Siblings play an integral and essential part in our psychic development. Traditionally in psychoanalytic thinking, sibling relationships are regarded as secondary in developmental importance to the relationships with the parents. The authors in this book challenge this view and explore the impact of sibling relationships on internal psychic structures, family and social relationships. They suggest that siblings play a primary part in psychic development, even for an only child, and that infants are born with an expectation of siblings, an innate pre-conception similar to those relating to the breast and parental couple. Through infant observations and psychoanalytic treatment, the authors in this book examine sibling relationships from the most profoundly close, as in conjoined twins, through other twin and sibling relationships and deliberate on the wider context of social and tribal brotherhood and sisterhood.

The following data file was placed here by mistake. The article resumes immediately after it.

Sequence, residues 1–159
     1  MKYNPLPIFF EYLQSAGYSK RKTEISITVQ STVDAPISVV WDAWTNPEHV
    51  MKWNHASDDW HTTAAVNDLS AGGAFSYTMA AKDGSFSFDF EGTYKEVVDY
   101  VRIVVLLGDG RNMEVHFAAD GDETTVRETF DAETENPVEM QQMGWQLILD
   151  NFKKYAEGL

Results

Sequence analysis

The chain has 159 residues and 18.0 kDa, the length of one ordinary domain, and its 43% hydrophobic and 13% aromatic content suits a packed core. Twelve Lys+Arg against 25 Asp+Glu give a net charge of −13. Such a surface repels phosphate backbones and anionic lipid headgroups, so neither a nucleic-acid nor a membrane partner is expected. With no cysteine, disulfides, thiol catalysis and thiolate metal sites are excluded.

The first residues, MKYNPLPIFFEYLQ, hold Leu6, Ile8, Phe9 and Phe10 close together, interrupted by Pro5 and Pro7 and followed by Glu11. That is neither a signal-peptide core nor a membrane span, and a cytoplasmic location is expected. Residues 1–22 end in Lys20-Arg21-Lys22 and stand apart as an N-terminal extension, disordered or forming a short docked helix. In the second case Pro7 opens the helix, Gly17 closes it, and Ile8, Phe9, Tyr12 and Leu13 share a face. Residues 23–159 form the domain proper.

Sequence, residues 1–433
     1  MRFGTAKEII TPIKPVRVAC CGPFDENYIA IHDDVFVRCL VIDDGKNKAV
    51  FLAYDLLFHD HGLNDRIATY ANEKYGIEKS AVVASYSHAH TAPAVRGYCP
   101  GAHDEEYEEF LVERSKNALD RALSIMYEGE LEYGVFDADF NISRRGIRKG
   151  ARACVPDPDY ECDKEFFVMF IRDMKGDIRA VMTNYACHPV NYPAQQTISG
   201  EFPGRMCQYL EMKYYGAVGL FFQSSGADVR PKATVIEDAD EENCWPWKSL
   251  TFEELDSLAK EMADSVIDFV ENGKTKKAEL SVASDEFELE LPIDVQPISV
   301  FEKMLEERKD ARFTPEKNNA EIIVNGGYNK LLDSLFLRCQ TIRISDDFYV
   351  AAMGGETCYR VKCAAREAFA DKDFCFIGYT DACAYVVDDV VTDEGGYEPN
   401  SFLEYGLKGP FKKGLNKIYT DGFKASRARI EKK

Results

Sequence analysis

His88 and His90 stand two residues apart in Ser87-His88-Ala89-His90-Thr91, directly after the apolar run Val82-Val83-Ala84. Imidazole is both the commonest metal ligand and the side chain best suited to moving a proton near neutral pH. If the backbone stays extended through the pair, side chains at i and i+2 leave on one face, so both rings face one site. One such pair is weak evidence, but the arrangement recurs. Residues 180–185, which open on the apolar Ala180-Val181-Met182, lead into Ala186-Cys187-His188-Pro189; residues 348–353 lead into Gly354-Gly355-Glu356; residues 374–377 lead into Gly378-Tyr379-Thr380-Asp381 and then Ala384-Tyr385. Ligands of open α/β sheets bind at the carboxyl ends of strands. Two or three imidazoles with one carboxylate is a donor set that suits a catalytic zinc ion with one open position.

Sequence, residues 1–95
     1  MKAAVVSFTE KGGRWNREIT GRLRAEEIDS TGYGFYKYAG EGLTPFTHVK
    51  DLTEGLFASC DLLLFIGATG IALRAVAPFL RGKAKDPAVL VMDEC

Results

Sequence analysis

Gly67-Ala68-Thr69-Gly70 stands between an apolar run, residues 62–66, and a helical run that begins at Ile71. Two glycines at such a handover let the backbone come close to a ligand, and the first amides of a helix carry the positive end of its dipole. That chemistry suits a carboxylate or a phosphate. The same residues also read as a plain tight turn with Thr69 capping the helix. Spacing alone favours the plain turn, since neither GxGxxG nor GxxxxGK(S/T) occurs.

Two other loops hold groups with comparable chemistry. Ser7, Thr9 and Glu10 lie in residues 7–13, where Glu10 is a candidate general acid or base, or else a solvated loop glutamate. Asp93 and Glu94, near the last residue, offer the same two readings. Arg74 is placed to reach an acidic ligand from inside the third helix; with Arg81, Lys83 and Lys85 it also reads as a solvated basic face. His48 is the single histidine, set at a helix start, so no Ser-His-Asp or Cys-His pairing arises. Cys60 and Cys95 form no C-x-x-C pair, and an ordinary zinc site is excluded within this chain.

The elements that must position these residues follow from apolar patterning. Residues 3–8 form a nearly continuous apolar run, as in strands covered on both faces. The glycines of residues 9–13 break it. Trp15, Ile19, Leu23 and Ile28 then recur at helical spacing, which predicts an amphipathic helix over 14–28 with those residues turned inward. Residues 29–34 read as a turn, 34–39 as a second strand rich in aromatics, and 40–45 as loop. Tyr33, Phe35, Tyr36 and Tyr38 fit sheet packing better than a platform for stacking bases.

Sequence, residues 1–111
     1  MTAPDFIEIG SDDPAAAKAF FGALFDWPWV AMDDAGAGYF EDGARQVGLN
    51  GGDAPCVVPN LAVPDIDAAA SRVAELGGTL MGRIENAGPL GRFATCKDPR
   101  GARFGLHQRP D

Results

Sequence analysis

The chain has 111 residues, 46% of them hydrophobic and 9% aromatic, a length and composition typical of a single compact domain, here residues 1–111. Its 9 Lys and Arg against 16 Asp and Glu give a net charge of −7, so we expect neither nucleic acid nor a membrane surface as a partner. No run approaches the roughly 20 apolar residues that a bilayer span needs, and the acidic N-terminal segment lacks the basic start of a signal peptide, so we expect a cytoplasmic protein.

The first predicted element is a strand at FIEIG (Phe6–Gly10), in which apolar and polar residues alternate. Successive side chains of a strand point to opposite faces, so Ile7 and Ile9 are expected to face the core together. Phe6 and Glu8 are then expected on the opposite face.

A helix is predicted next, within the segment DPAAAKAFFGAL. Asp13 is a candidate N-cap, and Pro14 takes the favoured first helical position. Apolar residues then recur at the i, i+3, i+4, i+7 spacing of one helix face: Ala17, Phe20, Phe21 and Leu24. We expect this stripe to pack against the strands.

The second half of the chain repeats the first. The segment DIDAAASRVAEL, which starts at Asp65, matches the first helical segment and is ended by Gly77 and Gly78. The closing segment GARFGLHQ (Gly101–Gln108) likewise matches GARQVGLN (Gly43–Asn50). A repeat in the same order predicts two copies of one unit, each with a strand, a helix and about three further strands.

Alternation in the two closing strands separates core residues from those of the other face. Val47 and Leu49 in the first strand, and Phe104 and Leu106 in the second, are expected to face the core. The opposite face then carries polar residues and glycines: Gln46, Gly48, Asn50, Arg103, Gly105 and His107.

Table of Contents
Introduction -- Conference -- When two become four: A two-year observation of dizygotic twin infant girls in their family setting -- Tsunami Boy -- The influence of conjoined twins on each other -- Twinship: a unique sibling relationship -- Conference 2 -- Siblings in development: towards a metapsychology -- Sibling incest -- Conference 3 -- Developing a sense of identity as an individual -- Taking account of siblings—a view from child psychotherapy -- Conference 4 -- Twin development: Professor Alessandra Piontelli